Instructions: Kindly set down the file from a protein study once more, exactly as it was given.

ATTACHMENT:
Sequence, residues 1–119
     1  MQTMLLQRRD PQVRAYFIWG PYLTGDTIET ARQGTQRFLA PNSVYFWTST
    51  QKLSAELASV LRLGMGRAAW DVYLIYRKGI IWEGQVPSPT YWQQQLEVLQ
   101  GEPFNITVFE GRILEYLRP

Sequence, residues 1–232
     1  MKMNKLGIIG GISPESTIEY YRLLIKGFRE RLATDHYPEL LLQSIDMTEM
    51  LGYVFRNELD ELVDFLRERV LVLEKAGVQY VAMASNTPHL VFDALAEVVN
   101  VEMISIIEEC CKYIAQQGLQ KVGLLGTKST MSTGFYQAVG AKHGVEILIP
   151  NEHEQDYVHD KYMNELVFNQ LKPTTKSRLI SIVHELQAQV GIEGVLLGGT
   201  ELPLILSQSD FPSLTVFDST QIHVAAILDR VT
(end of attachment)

Sequence, residues 1–119
     1  MQTMLLQRRD PQVRAYFIWG PYLTGDTIET ARQGTQRFLA PNSVYFWTST
    51  QKLSAELASV LRLGMGRAAW DVYLIYRKGI IWEGQVPSPT YWQQQLEVLQ
   101  GEPFNITVFE GRILEYLRP

Sequence, residues 1–232
     1  MKMNKLGIIG GISPESTIEY YRLLIKGFRE RLATDHYPEL LLQSIDMTEM
    51  LGYVFRNELD ELVDFLRERV LVLEKAGVQY VAMASNTPHL VFDALAEVVN
   101  VEMISIIEEC CKYIAQQGLQ KVGLLGTKST MSTGFYQAVG AKHGVEILIP
   151  NEHEQDYVHD KYMNELVFNQ LKPTTKSRLI SIVHELQAQV GIEGVLLGGT
   201  ELPLILSQSD FPSLTVFDST QIHVAAILDR VT